Who needs Wonderland?
One school year we left the farm and moved into town—my parents rented a ranch house on a little-traveled street in a neighborhood where I had school friends within walking distance. The house showed every sign of being a flower child, complete with a car port, shag carpet and avocado green appliances. That year, one of my prized possessions was a plastic record player, orange, that I could carry around when it was folded like a brief case. I would set it up, plug it in, and play full-sized LPs, either Terry Jacks’ Seasons in the Sun or a complete recording of Alice’s Adventures in Wonderland. The latter was four records, the unabridged text, and took about three hours to listen to all the way through. I listened over and over until I could recite the story line-for-line from just about any starting point in the book.
Alice was one of my childhood heroines, more friend than literary character. Just as I felt with Dorothy’s Oz, I never fully bought into the “it was all a dream” framework of the story. Wonderland was real to me, the intro and ending added, I was certain, to appease adult sensibilities.
A few years later my seventh grade Language Arts teacher, Mrs. Ostrem, would forbid us from ending our work with any intimation that the foregoing had been a dream. It was, she instructed, an authorial cop out. If we asked her about Dorothy or Alice, I don’t remember her response. But hers was one of those lessons that taught me to compartmentalize—I loved the stories I had always loved even as I worked to discern the literary merit of crafting a fantasy world that held sway without the dream device.
At the end of her romp through Wonderland, Alice—grown back to her right size that is enormous in comparison to the creatures who wish her beheaded—stands up to them all and asserts, “You’re nothing but a pack of cards.” In the traditional John Tenniel illustration of this moment, Alice stands sideways, her head ducking, her hands raised against a flurry of playing cards that are ineffectually leaping at her even as a menagerie of animals scurries out from under her feet. In the next moments her sister is brushing leaves from Alice’s hair saying, “My, what a long sleep you’ve had!”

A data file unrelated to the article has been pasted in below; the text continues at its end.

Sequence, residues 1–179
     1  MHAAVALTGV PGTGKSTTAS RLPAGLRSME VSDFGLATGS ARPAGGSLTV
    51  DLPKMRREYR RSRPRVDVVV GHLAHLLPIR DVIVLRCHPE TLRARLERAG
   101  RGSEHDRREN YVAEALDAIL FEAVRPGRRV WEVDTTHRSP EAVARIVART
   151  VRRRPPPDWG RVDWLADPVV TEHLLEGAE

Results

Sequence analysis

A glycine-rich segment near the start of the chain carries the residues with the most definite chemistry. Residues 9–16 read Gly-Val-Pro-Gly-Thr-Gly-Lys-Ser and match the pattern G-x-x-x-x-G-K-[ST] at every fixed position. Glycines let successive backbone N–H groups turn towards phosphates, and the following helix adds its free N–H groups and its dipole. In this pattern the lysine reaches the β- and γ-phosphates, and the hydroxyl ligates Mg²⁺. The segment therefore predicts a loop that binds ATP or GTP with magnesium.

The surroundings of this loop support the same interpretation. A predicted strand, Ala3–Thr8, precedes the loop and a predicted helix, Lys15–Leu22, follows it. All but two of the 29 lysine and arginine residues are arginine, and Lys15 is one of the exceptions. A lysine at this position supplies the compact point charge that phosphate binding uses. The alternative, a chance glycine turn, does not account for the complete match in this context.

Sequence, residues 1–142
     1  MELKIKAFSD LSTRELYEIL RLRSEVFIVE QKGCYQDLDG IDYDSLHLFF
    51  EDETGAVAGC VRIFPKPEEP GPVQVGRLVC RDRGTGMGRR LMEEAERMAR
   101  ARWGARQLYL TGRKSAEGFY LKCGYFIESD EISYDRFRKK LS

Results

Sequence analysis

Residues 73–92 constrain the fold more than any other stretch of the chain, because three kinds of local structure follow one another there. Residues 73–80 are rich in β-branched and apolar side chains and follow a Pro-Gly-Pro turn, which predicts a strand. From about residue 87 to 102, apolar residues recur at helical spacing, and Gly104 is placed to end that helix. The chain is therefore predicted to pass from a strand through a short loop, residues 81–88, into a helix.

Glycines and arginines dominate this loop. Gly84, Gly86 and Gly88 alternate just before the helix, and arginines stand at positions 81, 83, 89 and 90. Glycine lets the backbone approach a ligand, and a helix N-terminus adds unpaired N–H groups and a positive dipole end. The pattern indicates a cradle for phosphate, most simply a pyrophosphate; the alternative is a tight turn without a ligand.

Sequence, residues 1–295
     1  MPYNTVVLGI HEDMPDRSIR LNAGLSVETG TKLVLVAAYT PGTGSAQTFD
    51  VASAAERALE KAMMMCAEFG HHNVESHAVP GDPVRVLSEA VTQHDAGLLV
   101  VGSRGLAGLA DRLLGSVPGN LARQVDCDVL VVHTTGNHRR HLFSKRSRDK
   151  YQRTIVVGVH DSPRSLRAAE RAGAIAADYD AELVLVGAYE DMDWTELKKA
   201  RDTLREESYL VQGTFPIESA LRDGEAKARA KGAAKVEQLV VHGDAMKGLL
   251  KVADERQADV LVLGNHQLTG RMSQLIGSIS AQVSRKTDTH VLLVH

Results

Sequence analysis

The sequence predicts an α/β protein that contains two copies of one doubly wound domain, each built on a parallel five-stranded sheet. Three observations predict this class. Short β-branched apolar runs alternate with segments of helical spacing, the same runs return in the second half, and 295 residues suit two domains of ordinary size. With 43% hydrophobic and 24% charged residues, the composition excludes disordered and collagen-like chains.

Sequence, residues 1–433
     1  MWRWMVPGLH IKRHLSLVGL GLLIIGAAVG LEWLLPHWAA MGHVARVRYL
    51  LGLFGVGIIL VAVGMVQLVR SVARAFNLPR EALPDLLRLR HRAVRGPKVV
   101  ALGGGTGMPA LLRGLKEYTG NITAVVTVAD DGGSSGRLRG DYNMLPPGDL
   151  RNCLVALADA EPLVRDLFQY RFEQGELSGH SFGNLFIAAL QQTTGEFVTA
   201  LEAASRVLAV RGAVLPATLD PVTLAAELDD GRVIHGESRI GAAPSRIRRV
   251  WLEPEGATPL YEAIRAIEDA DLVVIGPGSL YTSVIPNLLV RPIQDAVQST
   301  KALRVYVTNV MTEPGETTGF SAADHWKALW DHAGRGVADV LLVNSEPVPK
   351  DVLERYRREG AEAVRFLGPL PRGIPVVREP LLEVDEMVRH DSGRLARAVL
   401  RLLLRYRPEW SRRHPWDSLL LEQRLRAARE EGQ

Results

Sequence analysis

That illustration came to mind again and again as February, launched by a broken ignition coil, turned into March: the barrage of pesky cards kept flying at me. While I refuse to complete a financial tally, by the time the injured-reserve list included the washer, a toppled pine in the backyard, the vacuum, the radon-abatement system, and Cooper the squirrel, we had also been derailed by stomach flu, bronchitis, and worrisome maladies in the extended family.
In the depth of it all, even though I could barely catch my breath to do so, the time arrived to share the news with the Radiant Om Yoga community that ROY will close this year. There is no good time to deliver disappointing news, and with life already spinning through an unpleasant Wonderland, the timing felt destabilizing at best. The email (click here if you’d like to read it) went out and another barrage of reaction ensued. Holding space for everyone to respond, I thought: Who needs Wonderland?
And then the answer came: I do. Because making a point of attending Alice in Wonderland in which my Thirteen played one of a chorus of Cheshire Cats, once for dress rehearsal with my mother and again on closing night, being able to make painted-rose cupcakes for the concession stand, having the wherewithal to remember to purchase real roses for my actress, and being granted the escape of a couple of hours of live theater are what it’s all about. As there were junior high students at the production helm, they chose to blast “Welcome to Wonderland” before and after the show. My ears picked up just enough of the gist: Welcome to Wonderland/This is your new address/You’ll love it more or less/…Everyday it’s something new/Problems up the old wazoo/…Life can be fantastic every minute/For as long as you can just stay in it/…Welcome to Wonderland. And I thought, Yup. Theme song, and added it to my playlist. And no, I’d like to tell Mrs. Ostrem, none of it—not the weird, worrisome, disappointing, nor delightful—has been a dream.
Happy full moon—can it be spring already? Wishing March is marching along with gusto wherever this finds you. Thanks, as ever, for reading, xoR